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Central Asia: Breaking The Information Stranglehold --> Expectations are high in Kyrgyzstan for achieving swift and comprehensive reforms. By Christopher Walker

The news media are under severe duress in virtually all of the countries of the former Soviet Union. In the former Soviet republics of Central Asia this condition is particularly acute.

The troubled state of Central Asia's news media is put into perspective by data from Freedom House's annual survey of press freedom. All of these countries fall into the category of "not free." Most disturbing, however, is the countries' trajectory. All of these lands, save Tajikistan whose ratings have improved since the end of that country's violent civil war, now enjoy less press freedom than they did a decade ago.

The tools of media manipulation and control range from the subtle to the brutal. Already marginalized independent media confront a range of obstacles, from unusually vigilant tax inspectors to physical violence, including the killing of journalists.

This systematic abuse results in a massive information gap that warps the development of these societies and deprives its citizens of the free flow of information that can bring about democratic progress.

It should therefore come as no surprise that the state television broadcast facility was of particular interest to protesters in Kyrgyzstan, who last month jettisoned the regime of then-President Askar Akaev. The protesters' taking of the airwaves released the information spigot that had been all but closed to the opposition during campaign leading up to the recent flawed parliamentary elections.

The authorities in Tajikistan, which also held parliamentary elections in February 2005, undertook their own campaign to rein in media. Citing alleged tax violations, the authorities shut down several newspapers, including "Adolat," "Odamu Olam," and "Ruzi No." Peter Eicher, chief of the OSCE's Office for Democratic Institutions and Human Rights, said of the Tajik authorities' treatment of the news media that "it seems to represent a pattern of government interference with independent media and this has an effect which undermines democratic elections."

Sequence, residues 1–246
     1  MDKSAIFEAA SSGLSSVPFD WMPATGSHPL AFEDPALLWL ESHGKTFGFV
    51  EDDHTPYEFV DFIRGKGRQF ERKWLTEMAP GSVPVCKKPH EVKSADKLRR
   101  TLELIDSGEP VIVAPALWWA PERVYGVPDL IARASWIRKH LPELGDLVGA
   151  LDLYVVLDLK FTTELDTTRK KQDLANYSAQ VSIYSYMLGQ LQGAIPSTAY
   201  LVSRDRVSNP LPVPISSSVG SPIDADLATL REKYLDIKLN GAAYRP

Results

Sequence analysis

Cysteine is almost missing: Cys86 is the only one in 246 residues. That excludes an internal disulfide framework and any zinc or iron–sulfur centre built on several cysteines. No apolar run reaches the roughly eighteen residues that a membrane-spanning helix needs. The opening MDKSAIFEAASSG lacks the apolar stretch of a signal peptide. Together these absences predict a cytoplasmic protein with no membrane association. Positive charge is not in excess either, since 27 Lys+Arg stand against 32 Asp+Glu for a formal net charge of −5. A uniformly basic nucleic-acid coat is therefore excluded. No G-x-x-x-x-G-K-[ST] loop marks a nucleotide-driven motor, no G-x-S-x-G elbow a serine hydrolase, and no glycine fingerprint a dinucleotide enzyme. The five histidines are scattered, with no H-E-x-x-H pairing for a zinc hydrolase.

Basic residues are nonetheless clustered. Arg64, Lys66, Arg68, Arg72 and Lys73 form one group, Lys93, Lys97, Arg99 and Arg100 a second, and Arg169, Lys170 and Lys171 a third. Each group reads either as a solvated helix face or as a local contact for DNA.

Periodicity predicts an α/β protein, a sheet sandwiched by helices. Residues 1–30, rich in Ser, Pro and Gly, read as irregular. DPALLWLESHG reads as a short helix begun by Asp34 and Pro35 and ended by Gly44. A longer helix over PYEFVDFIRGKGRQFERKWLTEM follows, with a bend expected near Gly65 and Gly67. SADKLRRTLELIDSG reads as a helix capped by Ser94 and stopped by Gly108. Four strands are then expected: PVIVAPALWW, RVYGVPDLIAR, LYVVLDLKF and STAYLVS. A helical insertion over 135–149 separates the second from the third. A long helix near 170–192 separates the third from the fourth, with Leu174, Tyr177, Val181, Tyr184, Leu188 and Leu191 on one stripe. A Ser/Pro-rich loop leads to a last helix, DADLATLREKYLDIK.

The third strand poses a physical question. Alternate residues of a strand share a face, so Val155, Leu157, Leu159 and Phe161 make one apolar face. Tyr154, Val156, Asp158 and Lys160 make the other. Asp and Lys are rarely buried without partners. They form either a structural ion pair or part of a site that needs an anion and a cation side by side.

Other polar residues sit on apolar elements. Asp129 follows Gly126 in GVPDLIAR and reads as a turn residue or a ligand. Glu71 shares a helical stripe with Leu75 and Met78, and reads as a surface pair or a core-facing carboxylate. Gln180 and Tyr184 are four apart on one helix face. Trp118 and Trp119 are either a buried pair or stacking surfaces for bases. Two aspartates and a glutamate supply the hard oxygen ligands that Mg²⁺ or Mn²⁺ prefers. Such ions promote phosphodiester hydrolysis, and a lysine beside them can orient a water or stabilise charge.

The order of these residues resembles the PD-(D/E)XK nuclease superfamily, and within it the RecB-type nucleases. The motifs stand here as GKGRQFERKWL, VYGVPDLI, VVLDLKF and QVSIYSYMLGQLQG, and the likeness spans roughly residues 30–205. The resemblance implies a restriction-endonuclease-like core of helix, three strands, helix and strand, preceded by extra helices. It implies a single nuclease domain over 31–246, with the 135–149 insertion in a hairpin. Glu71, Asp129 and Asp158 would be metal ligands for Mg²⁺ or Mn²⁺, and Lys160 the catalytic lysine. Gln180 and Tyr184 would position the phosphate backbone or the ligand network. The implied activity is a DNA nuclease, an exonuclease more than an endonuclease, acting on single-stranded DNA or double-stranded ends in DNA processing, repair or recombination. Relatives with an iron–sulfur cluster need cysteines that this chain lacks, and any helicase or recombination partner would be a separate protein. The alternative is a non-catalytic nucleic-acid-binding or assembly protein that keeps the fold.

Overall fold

On the heels of recent events in the neighborhood, Uzbek authorities have reportedly initiated criminal proceedings against Internews, a media assistance organization, signaling another effort to limit independent media development in that highly closed country.

Turkmenistan, among the most repressive states in the world, is sui generis. The government controls all media, which is used principally as an instrument to promote the personality cult of the country's president, Saparmurat Niyazov.

The authorities in these countries seek to manage the news and deny information to their citizens with good reason. Without exception, the news on these regimes' governance performance is not good. Since the collapse of the Soviet Union, the authorities in all five former Soviet Central Asian republics have been mired in corruption and unable to deliver essential political goods to their people.